Settlement provides for a cash payment of almost $6 million, with $10,000 for each of the named plaintiffs; hearing on the proposed settlement is scheduled for June 16.
Blue Sky Studios has reached a settlement in a class-action lawsuit, Variety reports, alleging that the animation studio behind last year’s The Peanuts Movie and the Ice Age franchise and other companies violated antitrust laws by conspiring to suppress the wages of animation and VFX artists via non-poaching agreements.
According to documents filed in U.S. District Court in San Jose last week, the settlement provides for a cash payment of almost $6 million, with $10,000 for each of the named plaintiffs. A hearing on the proposed settlement is scheduled for June 16.
Other defendants, including the Walt Disney Co., DreamWorks Animation, ImageMovers, Lucasfilm, Pixar and Sony ImageWorks, were not part of the proposed settlement agreement. Daniel Small of Cohen Milstein, lead attorneys for the plaintiffs, reportedly said that the litigation is continuing against the other defendants.
The complaint filed by lighting artist Georgia Cano, character effects artist Robert Nitsch and production engineer David Wentworth accuses the studios of suppressing wages since 2004 by refraining from cold-calling employees and sharing news of job offers.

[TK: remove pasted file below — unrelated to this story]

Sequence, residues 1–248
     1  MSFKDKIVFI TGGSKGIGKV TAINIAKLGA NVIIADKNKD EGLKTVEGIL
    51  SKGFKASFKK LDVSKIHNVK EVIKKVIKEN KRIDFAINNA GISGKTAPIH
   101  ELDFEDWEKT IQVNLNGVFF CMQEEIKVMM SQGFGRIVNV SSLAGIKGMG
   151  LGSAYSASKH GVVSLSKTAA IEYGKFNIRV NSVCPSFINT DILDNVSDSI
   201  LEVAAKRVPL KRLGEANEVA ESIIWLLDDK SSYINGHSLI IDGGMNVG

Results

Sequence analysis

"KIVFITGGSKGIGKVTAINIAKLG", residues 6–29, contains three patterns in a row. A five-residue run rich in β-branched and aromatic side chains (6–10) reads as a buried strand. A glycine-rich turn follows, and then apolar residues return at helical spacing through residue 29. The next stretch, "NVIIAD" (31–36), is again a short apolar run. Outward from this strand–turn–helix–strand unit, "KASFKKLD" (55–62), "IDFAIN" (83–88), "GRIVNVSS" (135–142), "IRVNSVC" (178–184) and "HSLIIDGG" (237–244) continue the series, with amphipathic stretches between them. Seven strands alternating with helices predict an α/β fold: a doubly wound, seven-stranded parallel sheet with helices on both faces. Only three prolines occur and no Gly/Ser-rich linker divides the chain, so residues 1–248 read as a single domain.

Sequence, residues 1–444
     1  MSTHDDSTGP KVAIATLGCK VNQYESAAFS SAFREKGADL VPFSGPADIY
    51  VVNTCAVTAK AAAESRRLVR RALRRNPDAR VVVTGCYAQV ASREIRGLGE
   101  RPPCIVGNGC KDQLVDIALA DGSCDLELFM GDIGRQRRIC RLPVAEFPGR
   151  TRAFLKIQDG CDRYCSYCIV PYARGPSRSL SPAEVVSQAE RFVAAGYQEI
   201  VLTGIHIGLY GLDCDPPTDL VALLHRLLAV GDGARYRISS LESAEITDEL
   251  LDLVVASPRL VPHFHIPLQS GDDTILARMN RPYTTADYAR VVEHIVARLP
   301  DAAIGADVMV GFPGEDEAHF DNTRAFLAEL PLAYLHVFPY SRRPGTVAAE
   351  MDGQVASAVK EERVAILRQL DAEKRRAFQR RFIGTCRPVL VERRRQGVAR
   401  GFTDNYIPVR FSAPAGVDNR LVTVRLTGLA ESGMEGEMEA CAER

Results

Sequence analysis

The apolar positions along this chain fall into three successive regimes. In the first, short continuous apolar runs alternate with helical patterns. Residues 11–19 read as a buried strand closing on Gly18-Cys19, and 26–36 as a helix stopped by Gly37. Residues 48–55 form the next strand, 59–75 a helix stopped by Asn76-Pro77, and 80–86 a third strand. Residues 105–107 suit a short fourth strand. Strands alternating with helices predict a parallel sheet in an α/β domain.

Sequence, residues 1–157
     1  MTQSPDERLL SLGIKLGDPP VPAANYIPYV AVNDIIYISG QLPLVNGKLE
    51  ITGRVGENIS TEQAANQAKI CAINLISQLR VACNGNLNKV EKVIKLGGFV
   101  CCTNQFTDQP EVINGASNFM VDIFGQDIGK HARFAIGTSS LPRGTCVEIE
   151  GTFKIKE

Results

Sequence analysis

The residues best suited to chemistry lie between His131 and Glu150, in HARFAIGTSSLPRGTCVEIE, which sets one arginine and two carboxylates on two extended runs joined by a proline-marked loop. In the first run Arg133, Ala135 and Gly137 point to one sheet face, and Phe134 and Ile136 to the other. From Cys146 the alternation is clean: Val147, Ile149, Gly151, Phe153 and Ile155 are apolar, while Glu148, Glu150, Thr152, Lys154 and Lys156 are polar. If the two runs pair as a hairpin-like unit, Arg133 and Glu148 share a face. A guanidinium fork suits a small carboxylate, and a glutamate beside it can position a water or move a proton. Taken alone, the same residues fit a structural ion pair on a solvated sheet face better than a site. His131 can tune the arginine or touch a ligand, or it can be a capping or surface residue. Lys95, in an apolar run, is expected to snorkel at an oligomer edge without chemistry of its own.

The suit contends that the roots of the anti-poaching agreements go back to the mid-1980s, when George Lucas and Ed Catmull, the president of Steve Jobs’ then-newly formed company Pixar, agreed to not raid each other’s employees. Other companies later joined conspiracy, the suit alleges, including Sony ImageMovers, Lucasfilm and Blue Sky Studios.
The plaintiffs have been seeking class certification. Their proposed settlement class includes certain animation and visual effects employees who worked at Pixar from 2001 to 2010; Lucasfilm from 2001 to 2010; DreamWorks Animation from 2003 to 2010; the Walt Disney Co. from 2004 to 2010; Sony Pictures Animation and Sony Pictures Imageworks from 2004 to 2010; Blue Sky from 2005 to 2010; and ImageMovers from 2007 to 2010.
Under the settlement proposal, a claims administrator would determine the sum to be awarded based on a pro rata. It will be calculated based on an employee’s total compensation compared to the compensation of all class members during the time frame.
While initially dismissed in part because the claims were brought too late, in August U.S. District Judge Lucy Koh refused to dismiss the plaintiffs’ amended complaint, writing, “These allegations raise a plausible inference that defendants entered into an express agreement to suppress compensation.”
Arrangements to freeze wages and not poach employees were the subject of a separate investigation and lawsuit by the U.S. Justice Department in 2010. Several companies agreed to a prohibition against enforcing anti-poaching pacts for a period of five years, which ended the DOJ review, but in 2011, a class-action lawsuit was brought against Pixar, Lucasfilm, Apple, Google, Adobe and Intuit. The first two companies settled claims for $9 million while the other companies have gone to an appeals court after Koh rejected a $325 million settlement as insufficient.